Updated: May 1, 2019
Most of us have heard of a cataract. We often get it confused with an eye disease, glaucoma (more on that in the next blog post). A cataract is not an eye disease, and everyone will get one if they live long enough. Here's the rundown.
A natural lens sits inside the eye and behind the pupil. Similar to a camera lens, it bends and refracts light to help us see.
A cataract is simply when the lens becomes cloudy, which occurs with age. Early signs can be detected by an eye doctor around age 50, but signs can also happen sooner or later. Vision problems may not develop until much later even though your eye doctor may still see signs of it.
What causes it?
With age, the proteins inside the lens break down and cause a cloudy lens. This tends to develop in both eyes at the same time, however cataracts can grow faster and cause more vision problems in one eye first. UV light, trauma, diabetes, and medications such as corticosteroids can cause cataracts to develop sooner.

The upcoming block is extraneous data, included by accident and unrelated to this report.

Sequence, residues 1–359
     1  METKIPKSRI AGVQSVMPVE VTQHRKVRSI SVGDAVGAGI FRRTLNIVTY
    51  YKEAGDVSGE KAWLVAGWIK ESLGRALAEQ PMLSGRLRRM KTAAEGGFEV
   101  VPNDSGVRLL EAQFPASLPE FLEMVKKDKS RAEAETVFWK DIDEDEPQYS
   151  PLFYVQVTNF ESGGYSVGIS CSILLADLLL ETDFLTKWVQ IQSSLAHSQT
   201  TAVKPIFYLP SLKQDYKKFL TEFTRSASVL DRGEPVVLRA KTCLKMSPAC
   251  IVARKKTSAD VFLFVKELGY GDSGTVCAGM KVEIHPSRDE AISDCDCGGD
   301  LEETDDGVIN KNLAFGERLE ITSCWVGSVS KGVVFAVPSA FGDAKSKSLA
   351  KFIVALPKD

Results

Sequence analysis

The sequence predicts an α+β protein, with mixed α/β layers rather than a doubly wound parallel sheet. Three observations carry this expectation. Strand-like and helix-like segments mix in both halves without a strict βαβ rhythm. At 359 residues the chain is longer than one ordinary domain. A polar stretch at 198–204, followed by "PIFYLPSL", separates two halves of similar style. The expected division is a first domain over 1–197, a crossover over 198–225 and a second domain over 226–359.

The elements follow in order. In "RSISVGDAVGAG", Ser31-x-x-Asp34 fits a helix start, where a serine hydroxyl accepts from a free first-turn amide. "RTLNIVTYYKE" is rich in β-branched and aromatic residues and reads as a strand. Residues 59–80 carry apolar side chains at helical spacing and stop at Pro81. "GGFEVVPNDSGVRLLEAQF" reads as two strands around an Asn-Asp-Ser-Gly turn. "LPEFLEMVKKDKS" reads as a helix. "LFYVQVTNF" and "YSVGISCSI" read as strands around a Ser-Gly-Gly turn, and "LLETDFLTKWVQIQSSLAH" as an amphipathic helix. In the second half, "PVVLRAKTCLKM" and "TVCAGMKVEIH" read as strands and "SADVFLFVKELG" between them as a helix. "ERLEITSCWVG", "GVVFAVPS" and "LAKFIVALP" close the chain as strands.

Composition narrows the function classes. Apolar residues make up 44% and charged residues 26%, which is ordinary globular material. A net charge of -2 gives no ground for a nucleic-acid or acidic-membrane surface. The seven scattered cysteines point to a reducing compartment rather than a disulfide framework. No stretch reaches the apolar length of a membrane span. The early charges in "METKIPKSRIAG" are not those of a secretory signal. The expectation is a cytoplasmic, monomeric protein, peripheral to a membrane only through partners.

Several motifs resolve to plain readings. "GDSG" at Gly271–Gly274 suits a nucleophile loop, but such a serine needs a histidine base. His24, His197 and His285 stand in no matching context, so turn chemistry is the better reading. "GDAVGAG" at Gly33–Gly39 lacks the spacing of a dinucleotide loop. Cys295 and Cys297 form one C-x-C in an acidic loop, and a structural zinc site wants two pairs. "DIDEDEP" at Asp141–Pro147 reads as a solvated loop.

Are there any symptoms?
-Difficulty driving at night
-Colors seem less vibrant
What can I do?
1. Wear sun protection while outdoors to slow down progression
2. Update your glasses or contacts to an accurate prescription (cataracts can cause your prescription to change)
3. Put an anti-reflective coating on your glasses to help reduce glare
4. Increase lighting while reading
Is there any treatment?
Once a cataract becomes visually significant, surgery can be performed to remove it. Not everyone will end up needing or wanting cataract surgery. It is usually considered if the cataracts prevent you from doing things you want or need to do.
It is one of the most commonly performed surgeries in the US and typically takes only 10-20 minutes to perform. You can also go home once the surgery is complete without an overnight stay in a hospital. During the operation, the natural lens is removed and replaced with a clear artificial lens implant that can often correct your vision. This allows you to see more clearly, and you may only need to wear reading glasses afterwards!
Cataracts are very common. If you are concerned, talk to your eye care provider to discuss your symptoms and treatment options.